Holiness and Masculinity in the Middle Ages

Holiness and Masculinity in the Middle Ages

Holiness and Masculinity in the Middle Ages

Holiness and Masculinity in the Middle Ages

Synopsis

Studies of gender in medieval culture have tended to focus on femininity; however, the study of medieval masculinities has developed into an important area of enquiry in the last few years. This collection is the first to concentrate on the ways in which varieties of medieval masculinity intersected with concepts of holiness. Individual essays in this volume explore differing notions of holiness which had currency in the Middle Ages, understood variously as religious, saintly, sacred, pure and morally perfect. They also consider the ways in which the performance of both holiness and masculinity was affected by other categories such as monasticism, kingship, mysticism, social status, body and age.

For some men the practice of holiness embodied the masculine capacities of self-control and intellectual decision, but for others it involved identities that challenged conventional ideas of masculine autonomy. Therefore masculinity could either be a source of validation, or a matter for anxiety – an issue explored in several of the essays. Others consider holy masculinity alongside holy femininity and the ways in which both could sometimes be achieved by men and women.

Topics include sanctity and martyrdom, eunuch saints, meanings attached to the tonsure, mystical marriage, models of ideal conduct and virginity. The volume as a whole deals with a wide variety of texts and sources drawn from Byzantium, Syria, Germany, France, Anglo-Saxon and later medieval England.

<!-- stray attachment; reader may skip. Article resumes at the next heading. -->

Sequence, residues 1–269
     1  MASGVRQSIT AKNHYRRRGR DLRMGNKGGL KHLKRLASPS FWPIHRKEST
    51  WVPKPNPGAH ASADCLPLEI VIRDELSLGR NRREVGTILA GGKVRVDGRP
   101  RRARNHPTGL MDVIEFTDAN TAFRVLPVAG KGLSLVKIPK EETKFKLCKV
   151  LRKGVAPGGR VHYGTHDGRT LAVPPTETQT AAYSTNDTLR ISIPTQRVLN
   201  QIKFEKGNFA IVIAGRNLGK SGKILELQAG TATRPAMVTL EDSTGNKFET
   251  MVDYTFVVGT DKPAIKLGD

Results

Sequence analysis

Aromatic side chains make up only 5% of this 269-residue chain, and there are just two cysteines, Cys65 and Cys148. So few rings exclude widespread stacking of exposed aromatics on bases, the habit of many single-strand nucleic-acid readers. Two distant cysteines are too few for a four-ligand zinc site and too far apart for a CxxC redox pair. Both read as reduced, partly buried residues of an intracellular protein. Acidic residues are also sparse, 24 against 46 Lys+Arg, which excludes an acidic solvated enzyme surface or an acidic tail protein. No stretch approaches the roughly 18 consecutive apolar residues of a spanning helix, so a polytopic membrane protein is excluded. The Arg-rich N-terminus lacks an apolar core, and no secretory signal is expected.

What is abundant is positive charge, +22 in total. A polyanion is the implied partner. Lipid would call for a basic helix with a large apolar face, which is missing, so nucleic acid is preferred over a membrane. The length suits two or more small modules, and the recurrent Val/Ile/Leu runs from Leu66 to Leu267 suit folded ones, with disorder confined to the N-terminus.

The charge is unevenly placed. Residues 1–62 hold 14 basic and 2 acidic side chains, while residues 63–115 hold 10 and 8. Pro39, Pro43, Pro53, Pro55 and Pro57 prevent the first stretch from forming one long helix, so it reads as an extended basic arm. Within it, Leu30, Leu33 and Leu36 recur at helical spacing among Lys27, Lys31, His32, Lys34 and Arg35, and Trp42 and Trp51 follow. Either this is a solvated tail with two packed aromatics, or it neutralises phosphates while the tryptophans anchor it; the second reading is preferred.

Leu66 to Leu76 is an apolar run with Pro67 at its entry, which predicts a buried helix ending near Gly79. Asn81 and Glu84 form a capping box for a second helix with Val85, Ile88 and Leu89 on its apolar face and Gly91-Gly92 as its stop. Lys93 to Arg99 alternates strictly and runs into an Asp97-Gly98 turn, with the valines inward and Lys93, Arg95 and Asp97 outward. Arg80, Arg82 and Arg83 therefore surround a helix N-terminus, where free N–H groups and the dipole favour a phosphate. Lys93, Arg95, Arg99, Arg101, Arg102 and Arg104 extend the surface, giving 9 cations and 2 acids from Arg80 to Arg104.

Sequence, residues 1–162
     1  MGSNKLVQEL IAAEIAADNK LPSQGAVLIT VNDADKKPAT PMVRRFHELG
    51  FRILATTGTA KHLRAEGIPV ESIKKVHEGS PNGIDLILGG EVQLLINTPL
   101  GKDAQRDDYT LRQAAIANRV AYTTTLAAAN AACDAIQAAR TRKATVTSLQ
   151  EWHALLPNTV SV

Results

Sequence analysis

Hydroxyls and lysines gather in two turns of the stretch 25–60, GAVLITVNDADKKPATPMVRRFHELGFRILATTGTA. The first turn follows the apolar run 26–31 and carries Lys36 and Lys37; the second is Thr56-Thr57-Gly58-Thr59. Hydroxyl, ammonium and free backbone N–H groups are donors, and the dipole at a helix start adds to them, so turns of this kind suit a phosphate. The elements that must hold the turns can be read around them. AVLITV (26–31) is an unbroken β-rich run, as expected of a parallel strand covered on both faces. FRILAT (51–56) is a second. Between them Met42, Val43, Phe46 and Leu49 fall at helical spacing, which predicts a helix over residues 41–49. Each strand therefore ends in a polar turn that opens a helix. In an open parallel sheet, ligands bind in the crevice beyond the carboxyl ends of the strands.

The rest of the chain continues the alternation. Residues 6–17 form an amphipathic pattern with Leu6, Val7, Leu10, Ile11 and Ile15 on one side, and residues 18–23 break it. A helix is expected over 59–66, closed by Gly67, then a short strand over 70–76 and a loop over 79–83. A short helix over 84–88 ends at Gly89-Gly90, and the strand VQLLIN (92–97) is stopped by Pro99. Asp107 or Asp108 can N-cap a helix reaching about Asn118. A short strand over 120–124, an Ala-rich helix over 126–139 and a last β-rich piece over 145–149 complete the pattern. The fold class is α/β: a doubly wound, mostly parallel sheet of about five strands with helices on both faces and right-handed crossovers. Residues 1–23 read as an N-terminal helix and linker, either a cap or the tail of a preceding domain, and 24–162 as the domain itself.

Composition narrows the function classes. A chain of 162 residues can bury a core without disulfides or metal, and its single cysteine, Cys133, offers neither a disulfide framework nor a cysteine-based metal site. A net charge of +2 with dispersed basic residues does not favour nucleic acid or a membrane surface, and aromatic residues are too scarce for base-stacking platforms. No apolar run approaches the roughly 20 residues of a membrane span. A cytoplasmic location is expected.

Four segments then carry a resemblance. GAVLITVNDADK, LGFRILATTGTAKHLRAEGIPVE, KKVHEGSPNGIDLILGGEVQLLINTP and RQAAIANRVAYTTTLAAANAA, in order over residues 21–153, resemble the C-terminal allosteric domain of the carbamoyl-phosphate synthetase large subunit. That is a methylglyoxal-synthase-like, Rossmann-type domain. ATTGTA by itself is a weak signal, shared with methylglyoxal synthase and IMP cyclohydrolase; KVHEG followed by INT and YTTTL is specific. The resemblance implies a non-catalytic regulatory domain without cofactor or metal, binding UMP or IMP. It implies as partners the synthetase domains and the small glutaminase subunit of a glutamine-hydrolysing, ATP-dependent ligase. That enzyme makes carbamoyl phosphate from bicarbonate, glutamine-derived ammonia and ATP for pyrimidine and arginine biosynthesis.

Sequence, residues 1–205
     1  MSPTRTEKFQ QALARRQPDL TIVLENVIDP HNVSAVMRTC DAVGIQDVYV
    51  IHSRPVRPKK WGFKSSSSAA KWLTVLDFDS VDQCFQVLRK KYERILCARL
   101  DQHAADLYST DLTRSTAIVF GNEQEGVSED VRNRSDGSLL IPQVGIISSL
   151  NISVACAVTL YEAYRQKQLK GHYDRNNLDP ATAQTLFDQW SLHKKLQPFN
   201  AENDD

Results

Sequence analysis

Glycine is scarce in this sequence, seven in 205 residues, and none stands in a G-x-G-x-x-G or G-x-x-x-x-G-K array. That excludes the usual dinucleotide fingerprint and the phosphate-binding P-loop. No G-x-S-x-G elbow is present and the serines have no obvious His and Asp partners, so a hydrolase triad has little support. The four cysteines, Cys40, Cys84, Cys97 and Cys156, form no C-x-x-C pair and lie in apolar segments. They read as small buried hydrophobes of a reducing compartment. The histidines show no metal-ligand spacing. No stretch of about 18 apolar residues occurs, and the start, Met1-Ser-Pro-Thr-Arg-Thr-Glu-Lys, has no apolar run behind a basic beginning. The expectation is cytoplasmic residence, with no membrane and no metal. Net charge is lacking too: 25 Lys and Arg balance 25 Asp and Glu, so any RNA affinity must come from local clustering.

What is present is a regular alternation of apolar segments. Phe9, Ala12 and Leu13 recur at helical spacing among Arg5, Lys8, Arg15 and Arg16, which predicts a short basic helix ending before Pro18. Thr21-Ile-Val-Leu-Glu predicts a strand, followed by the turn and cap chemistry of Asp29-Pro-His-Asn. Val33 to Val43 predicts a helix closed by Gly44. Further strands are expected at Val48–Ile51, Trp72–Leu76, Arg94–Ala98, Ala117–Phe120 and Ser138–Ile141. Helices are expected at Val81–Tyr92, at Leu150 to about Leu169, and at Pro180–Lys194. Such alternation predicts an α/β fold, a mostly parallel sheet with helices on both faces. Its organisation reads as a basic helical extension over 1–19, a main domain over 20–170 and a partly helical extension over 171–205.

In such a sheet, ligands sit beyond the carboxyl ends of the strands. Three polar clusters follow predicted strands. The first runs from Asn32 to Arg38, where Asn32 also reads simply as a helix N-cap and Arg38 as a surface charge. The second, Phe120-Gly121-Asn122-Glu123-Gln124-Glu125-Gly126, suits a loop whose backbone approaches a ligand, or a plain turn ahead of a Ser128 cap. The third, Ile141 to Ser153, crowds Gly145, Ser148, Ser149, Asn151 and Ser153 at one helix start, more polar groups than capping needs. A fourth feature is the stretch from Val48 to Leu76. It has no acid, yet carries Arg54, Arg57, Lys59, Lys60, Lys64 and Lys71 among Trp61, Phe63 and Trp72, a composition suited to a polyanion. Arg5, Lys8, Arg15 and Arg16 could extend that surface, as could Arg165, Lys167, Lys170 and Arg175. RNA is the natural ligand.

Excerpt

Religion and Culture in the Middle Ages aims to explore the interface between medieval religion and culture, with as broad an understanding of those terms as possible. It puts to the forefront studies which engage with works that significantly contributed to the shaping of medieval culture. However, it also gives attention to studies dealing with works that reflect and highlight aspects of medieval culture that have been neglected in the past by scholars of the medieval disciplines. For example, devotional works and the practice they infer illuminate our understanding of the medieval subject and its culture in remarkable ways, while studies of the material space designed and inhabited by medieval subjects yield new evidence on the period and the people who shaped it and lived in it. in the larger field of religion and culture, we also want to explore further the roles played by women as authors, readers and owners of books, thereby defining them more precisely as actors in the cultural field. the series as a whole investigates the European Middle Ages, from c.500 to c. 1500. Our aim is to explore medieval religion and culture with the tools belonging to such disciplines as, among others, art history, philosophy, theology, history, musicology, the history of medicine, and literature. in particular, we would like to promote interdisciplinary studies, as we believe strongly that our modern understanding of the term applies fascinatingly well to a cultural period marked by a less tight confinement and categorization of its disciplines than the modern period. However, our only criterion is academic excellence, with the belief that the use of a large diversity of critical tools and theoretical approaches enables a deeper understanding of medieval culture. We want the series to reflect this diversity, as we believe that, as a collection of outstanding contributions, it offers a more subtle representation of a period that is marked by paradoxes and contradictions and which necessarily reflects diversity and difference, however difficult it may sometimes have proved for medieval culture to accept these notions.

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